BCI&I needs to open cold cases

Published 11:23 am Friday, February 20, 2009

For the families who lose loved ones to murder or violent crime, time will never heal all wounds.

But not knowing who committed the crime keeps those wounds eternally open because closure can never be achieved.

So it goes for the Mooney family. Two years ago this week Ironton resident Thelma Mooney was found stabbed to death in her home.

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No one has ever been brought to justice for this crime, with the anniversary prompting Ohio Attorney General Richard Cordray to pledge the support of the Bureau of Criminal Investigation and Identification in solving this case.

This should be welcome news for the Mooney family and all north Ironton residents, many of whom lived in fear for weeks.

But we hope to see the state investigators take this a step further — much further.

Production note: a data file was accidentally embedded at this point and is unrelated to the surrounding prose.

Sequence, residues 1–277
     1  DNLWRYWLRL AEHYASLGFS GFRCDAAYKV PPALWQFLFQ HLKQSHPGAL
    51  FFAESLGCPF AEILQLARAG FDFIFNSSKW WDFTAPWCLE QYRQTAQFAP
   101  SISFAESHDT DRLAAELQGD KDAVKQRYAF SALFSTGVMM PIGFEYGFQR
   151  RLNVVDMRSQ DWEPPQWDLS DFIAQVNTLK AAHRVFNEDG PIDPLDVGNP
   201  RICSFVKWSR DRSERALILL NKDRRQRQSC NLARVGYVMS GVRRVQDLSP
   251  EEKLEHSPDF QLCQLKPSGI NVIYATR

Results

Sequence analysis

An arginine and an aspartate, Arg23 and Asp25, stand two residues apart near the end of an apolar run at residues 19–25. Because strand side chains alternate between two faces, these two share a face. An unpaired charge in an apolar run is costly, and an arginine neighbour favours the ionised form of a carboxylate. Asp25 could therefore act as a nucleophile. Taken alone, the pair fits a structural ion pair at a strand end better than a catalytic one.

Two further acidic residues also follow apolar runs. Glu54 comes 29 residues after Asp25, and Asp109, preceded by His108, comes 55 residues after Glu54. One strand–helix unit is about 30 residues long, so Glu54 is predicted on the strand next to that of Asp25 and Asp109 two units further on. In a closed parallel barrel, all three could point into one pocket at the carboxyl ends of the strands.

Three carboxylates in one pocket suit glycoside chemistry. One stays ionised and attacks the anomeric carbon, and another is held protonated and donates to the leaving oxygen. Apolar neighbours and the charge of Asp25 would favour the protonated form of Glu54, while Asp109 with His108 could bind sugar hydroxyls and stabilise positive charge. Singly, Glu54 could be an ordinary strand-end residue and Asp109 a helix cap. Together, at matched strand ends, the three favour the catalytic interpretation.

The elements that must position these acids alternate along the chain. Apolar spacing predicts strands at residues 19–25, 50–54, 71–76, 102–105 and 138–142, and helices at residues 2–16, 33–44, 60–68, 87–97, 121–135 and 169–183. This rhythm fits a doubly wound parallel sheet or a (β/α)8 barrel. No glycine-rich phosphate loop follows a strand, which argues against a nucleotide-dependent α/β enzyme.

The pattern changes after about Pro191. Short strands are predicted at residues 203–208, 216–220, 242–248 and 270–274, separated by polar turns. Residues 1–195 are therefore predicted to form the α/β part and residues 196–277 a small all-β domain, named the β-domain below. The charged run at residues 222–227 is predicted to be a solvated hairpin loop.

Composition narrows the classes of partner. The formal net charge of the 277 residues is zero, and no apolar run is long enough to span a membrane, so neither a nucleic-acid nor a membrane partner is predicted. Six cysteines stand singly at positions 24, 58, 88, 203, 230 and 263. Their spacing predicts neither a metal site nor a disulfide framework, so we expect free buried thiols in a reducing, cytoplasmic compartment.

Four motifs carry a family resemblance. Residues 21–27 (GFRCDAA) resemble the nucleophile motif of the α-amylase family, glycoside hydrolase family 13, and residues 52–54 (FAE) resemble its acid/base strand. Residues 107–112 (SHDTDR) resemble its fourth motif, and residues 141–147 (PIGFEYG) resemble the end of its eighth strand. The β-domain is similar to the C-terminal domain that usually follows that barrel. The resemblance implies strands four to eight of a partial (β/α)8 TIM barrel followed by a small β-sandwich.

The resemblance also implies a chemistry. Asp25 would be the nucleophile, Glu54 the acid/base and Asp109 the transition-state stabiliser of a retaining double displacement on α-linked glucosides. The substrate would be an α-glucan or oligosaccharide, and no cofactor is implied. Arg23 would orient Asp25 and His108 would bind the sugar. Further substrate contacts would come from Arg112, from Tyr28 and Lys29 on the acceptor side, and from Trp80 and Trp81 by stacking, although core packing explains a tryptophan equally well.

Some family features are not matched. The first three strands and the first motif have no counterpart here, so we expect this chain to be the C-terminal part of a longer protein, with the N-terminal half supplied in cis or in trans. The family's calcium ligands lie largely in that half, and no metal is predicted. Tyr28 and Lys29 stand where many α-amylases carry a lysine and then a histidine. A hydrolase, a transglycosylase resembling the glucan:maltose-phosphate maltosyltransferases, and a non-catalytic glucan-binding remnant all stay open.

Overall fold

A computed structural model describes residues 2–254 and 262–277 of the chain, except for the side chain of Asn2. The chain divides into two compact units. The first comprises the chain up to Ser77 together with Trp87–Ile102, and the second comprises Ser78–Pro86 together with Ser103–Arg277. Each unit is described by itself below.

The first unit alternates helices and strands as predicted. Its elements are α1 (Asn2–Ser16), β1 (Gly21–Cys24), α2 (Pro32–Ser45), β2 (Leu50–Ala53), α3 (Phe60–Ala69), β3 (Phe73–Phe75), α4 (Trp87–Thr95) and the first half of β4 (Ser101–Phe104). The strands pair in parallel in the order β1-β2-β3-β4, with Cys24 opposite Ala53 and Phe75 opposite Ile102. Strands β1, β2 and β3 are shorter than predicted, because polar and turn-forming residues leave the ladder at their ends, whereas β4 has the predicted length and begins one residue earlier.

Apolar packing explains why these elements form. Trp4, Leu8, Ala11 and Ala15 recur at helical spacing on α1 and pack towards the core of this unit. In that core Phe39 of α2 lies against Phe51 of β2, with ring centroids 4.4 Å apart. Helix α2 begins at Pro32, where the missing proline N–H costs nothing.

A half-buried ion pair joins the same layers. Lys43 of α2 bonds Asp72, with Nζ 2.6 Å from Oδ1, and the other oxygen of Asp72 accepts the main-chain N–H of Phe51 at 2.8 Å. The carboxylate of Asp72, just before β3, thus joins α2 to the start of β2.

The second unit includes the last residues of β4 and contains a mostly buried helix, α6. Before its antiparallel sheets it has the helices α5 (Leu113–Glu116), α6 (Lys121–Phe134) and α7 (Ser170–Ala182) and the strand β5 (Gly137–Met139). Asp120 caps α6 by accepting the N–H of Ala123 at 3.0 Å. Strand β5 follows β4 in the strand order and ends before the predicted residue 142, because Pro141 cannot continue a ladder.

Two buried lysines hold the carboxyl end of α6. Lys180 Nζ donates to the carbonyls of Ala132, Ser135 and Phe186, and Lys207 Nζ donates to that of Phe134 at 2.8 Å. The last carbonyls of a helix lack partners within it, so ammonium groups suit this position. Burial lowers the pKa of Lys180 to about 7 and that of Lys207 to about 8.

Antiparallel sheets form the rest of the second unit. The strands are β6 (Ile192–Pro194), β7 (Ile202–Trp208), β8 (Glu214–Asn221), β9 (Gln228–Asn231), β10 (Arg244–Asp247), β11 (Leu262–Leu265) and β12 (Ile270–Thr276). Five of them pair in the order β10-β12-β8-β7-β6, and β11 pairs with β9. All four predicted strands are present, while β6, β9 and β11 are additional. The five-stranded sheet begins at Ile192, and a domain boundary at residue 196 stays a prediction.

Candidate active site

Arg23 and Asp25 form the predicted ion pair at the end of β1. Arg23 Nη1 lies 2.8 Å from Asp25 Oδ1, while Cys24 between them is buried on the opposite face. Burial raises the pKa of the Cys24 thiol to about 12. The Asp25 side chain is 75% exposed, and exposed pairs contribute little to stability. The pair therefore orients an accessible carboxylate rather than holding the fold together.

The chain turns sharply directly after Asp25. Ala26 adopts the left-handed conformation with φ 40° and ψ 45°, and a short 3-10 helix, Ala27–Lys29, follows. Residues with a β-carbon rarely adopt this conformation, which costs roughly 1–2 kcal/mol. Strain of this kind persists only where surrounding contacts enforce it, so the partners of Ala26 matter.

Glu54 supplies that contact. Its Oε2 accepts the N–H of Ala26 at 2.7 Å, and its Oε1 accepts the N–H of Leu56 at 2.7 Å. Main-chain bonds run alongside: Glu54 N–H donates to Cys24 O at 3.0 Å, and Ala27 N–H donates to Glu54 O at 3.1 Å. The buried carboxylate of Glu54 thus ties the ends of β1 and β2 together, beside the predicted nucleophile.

We urge the Ironton Police Department and the Lawrence County Sheriff’s Office to turn over the files for all its suspicious deaths or unsolved murder cases to BCI&I to take a fresh look at the information.

If the state is willing to help on one case, it only makes sense that they could dedicate some time to the other unsolved cases that may be a little older.

Unfortunately, there are several cold cases that they could look at, potentially bringing closure to several families that have continued to live with the pain that justice was never served.

Pamela Goldcamp’s body was found on the railroad tracks near Mulberry Street in 2002, with many people questioning the circumstances.

It has been almost nine years since William Keen was found murdered in the Sureway cab he was driving.

And there are others.

Our hearts go out to all those families who still search for answers. Maybe BCI&I could help find those answers.